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The Fighting Group against Inhumanity: The Incarnation of Anticommunism in a Divided Germany 1948-1959

The “Fighting Group Against Inhumanity” (“Kampfgruppe gegen Unmenschlichkeit” / KgU) has for a long time been considered the incarnation of both anticommunism and hostility to the German Democratic Republic in both East and West. Author Enrico Heitzer examines the emergence, the organizational structure and the fields of action of this privately run, but politically highly effective organization.

Date & Time

Oct. 21, 2015
3:00pm – 4:30pm

Location

4th Floor, Woodrow Wilson Center
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The Fighting Group against Inhumanity: The Incarnation of Anticommunism in a Divided Germany 1948-1959

Image removed.Image removed.The “Fighting Group Against Inhumanity” (“Kampfgruppe gegen Unmenschlichkeit” / KgU) has for a long time been considered the incarnation of both anticommunism and hostility to the German Democratic Republic in both East and West. Founded in 1948 in response to the wave of releases of prisoners from the Soviet “special camps” and resolved during the second Berlin crisis in 1959, the KgU not only undertook humanitarian activities, disseminated leaflets, and took action as intelligence service – it also promoted and temporarily practiced itself violence as a means of resistance against the communist government in Eastern Germany. This study examines the emergence, the organizational structure and the fields of action of this privately run, but politically highly effective organization.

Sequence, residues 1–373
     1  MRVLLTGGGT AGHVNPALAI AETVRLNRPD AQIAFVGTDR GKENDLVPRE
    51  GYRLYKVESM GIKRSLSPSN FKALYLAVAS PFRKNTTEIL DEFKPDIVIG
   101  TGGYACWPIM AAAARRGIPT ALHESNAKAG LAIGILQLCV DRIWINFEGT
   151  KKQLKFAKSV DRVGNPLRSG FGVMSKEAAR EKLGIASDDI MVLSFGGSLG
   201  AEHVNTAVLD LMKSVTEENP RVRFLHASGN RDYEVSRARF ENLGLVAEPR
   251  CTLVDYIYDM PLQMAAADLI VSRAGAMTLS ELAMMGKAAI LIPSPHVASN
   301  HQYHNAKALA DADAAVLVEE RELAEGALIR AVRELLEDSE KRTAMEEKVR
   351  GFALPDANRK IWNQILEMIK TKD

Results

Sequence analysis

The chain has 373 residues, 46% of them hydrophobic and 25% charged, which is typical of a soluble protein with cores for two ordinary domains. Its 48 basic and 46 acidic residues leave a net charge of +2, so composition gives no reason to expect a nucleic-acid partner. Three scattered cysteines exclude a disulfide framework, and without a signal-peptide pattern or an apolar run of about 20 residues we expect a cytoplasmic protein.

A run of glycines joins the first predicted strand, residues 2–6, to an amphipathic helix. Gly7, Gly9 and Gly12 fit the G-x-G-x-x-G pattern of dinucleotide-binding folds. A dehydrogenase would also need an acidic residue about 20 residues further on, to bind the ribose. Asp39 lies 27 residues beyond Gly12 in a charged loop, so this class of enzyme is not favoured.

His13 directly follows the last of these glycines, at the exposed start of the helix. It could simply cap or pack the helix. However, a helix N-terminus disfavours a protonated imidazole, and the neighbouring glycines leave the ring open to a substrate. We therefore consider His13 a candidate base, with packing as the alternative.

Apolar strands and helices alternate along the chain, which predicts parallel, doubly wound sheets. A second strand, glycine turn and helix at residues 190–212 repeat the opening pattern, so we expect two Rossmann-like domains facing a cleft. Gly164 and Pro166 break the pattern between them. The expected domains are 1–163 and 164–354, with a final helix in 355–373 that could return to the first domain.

“The book is a scientific work, an analysis, objective and without emotional outbursts or ethical judgments. It is this that makes it so valuable; because its reading is as exciting as a thriller.”
- Egon Bahr

Enrico Heitzer – Ph.D., Research Assistant, Sachsenhausen Memorial and Museum, Brandenburg Memorials Foundation, Oranienburg, Germany.

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Cold War International History Project

The Cold War International History Project supports the full and prompt release of historical materials by governments on all sides of the Cold War. Through an award winning Digital Archive, the Project allows scholars, journalists, students, and the interested public to reassess the Cold War and its many contemporary legacies. It is part of the Wilson Center's History and Public Policy Program.  Read more

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